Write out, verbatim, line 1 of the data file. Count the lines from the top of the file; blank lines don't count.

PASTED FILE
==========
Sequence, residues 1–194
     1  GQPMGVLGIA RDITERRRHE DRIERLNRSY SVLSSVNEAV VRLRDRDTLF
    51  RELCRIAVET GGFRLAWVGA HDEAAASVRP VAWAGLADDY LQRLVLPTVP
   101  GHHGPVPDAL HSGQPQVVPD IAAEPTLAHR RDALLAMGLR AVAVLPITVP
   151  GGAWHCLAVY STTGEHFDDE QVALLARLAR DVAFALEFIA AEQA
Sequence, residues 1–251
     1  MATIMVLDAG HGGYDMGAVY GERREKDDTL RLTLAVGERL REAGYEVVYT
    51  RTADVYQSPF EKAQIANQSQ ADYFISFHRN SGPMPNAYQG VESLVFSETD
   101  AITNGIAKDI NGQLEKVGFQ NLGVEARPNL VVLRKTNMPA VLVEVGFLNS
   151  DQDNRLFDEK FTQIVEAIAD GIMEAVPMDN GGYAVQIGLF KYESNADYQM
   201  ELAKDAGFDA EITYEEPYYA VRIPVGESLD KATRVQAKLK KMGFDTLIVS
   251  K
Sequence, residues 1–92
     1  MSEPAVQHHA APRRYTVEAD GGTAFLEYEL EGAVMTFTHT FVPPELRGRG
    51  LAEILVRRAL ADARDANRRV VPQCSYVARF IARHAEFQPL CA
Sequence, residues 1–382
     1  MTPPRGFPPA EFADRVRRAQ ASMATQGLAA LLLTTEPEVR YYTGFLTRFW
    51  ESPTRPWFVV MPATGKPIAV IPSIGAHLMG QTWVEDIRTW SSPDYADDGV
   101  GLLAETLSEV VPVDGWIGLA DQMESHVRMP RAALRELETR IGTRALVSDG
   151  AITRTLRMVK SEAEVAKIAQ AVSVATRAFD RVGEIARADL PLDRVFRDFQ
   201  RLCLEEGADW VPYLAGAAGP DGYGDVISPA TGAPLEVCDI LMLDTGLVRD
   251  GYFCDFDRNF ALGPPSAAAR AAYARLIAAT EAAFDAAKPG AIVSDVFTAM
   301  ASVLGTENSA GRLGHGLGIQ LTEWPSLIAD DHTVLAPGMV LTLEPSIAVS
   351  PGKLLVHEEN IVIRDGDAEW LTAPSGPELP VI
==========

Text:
Sequence, residues 1–194